A dizzying portrait of contemporary Cuba as it has rarely been seen, by an up-and-coming Cuban novelist.
Teeming with life and compulsively readable, the pieces gathered together in The Tribe aggregate into an extraordinary mosaic of Cuba today. Carlos Manuel Álvarez, one of the most exciting young writers in Latin America, employs the crónica form – a genre unique to Latin American writing that blends reportage, narrative non-fiction, and novelistic forms – to illuminate a particularly turbulent period in Cuban history, from the re-establishment of diplomatic relations with the US, to the death of Fidel Castro, to the convulsions of the San Isidro Movement.
Unique, edgy and stylishly written, The Tribe shows a society in flux, featuring sportsmen in exile, artists, nurses, underground musicians and household names, dissident poets, the hidden underclass at a landfill, migrants attempting to make their way across Central America, fugitives escaping the FBI, dealers from the black market, as well as revelers and policemen in the noisy Havana night. It is a major work of reportage by one of Granta’s Best of Young Spanish-Language novelists.
‘There is magic in these pages…[T]his book tells the actual story of Cuba as it exists today.’
— Jon Lee Anderson
‘Álvarez is very good on the absurdist rituals of zombie totalitarianism…The Tribe vividly explores the more offbeat milieus and people of an extended Cuba.’
— Lorna Scott Fox, TLS
‘A journalistically rigorous picture of Cuban life, The Tribe is characterized by the gaps between Álvarez’s subjects. Using interviews and on-site reportage, Álvarez profiles people from various socioeconomic backgrounds, with contrasting political affiliations. The sketches he compiles demonstrate a wide range of experiences and perceptions of Cuba. Álvarez allows the juxtapositions between these profiles to reveal a country that looks different from person to person.... A nation is, after all, nebulous— the only way to make an honest portrait is to approach it from myriad perspectives. In The Tribe, the resulting mosaic is rich for its nuance and contradictions.’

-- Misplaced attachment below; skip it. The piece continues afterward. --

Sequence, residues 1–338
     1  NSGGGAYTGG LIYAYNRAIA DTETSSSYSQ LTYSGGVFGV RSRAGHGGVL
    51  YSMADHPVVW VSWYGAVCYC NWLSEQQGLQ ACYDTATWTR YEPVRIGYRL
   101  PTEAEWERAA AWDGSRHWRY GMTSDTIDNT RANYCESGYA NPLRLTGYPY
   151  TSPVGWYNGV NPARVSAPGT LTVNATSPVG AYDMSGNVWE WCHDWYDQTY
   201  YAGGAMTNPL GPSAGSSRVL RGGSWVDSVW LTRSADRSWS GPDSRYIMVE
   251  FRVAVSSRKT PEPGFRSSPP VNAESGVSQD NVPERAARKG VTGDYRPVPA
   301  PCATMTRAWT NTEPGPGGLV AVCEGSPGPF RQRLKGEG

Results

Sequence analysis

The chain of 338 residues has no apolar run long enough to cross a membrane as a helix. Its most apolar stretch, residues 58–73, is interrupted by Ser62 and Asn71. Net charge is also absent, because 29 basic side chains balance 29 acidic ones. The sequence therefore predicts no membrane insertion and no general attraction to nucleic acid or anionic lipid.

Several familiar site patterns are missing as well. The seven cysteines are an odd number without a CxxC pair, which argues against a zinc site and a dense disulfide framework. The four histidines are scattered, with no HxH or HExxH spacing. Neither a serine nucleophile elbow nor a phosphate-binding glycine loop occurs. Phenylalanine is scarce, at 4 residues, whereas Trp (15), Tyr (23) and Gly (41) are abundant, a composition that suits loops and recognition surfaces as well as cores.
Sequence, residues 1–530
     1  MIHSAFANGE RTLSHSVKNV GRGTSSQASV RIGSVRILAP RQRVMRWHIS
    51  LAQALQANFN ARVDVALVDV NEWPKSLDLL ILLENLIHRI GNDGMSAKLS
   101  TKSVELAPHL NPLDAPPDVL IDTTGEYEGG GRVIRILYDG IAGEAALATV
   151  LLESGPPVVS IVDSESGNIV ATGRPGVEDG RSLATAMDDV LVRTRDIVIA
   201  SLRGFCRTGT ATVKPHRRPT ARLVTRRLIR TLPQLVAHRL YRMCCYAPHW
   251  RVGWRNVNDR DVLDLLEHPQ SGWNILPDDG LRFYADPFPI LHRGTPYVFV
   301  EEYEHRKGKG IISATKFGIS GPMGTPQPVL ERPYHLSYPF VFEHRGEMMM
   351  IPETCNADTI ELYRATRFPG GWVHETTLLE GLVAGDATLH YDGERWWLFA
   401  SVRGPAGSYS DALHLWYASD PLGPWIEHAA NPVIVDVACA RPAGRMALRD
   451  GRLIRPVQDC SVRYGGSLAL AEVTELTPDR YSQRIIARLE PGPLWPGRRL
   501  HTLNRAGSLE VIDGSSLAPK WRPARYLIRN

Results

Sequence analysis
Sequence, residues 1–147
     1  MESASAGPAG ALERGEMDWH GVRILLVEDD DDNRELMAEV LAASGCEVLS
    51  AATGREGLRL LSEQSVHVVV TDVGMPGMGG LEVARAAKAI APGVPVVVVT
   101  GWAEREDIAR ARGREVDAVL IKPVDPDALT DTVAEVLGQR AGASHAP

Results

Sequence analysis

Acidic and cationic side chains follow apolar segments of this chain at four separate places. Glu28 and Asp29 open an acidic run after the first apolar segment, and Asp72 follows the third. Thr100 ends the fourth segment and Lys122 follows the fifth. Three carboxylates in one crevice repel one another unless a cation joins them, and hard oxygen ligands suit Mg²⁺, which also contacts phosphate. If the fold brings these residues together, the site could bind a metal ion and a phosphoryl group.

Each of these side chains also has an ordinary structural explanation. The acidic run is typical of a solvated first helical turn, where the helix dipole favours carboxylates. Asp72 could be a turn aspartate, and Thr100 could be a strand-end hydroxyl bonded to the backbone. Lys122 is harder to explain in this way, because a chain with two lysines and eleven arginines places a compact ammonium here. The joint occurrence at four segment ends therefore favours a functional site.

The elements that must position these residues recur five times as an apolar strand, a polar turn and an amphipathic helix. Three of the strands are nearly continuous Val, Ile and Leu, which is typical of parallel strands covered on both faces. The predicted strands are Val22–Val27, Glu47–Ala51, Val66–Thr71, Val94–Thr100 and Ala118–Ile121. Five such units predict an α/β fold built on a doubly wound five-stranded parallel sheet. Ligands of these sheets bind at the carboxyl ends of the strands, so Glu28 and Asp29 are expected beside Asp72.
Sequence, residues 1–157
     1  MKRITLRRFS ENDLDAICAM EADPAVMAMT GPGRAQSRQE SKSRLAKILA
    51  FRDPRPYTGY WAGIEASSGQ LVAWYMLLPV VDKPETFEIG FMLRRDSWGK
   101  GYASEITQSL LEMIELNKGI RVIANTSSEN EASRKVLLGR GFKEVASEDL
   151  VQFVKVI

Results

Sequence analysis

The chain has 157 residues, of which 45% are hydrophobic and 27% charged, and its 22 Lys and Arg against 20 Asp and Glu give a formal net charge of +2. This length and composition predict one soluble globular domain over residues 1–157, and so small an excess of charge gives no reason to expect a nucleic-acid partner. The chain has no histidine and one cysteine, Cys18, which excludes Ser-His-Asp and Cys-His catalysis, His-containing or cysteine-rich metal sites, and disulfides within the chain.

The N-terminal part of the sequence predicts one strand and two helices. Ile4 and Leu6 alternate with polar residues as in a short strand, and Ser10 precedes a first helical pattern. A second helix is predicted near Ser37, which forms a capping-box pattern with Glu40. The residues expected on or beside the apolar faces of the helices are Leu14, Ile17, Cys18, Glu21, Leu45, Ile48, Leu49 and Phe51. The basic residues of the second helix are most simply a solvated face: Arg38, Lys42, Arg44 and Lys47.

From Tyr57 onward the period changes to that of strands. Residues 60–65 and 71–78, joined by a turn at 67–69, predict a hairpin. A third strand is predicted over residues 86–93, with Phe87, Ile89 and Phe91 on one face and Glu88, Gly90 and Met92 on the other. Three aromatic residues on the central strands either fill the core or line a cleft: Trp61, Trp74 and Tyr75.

— Morgan Graham, Chicago Review of Books
‘Àlvarez has smuggled an important ethnographic work inside the form of an entertaining and well-written crónica.’
— Alex Payne, Buzz Magazine
‘Álvarez does not try to instruct or speculate. He does not write on whether the Revolution succeeded or failed. He does not determine whether the leader was a hero or a tyrant. His book is not an explanation: it is …. the history of a country told through its people.’
— María Teresa Hernández, AP News
‘That rarest of books about a people that achieves a restorative function without idling in a documentarian mode, The Tribe’s gift to its subjects is not raising them as a hot topic, but by preserving their dignity in spite of the headlines.’
— Words Without Borders
‘This is one of those books you'll read in a single sitting. Conveying readers to the turbulent landscapes of Cuba's recent political past, it offers a refreshing assessment of the country outside of typical historic tropes, giving voice to ordinary Cubans, from artists and nurses to underground musicians and dissident poets.’
— Lucy Kehoe, Suitcase Magazine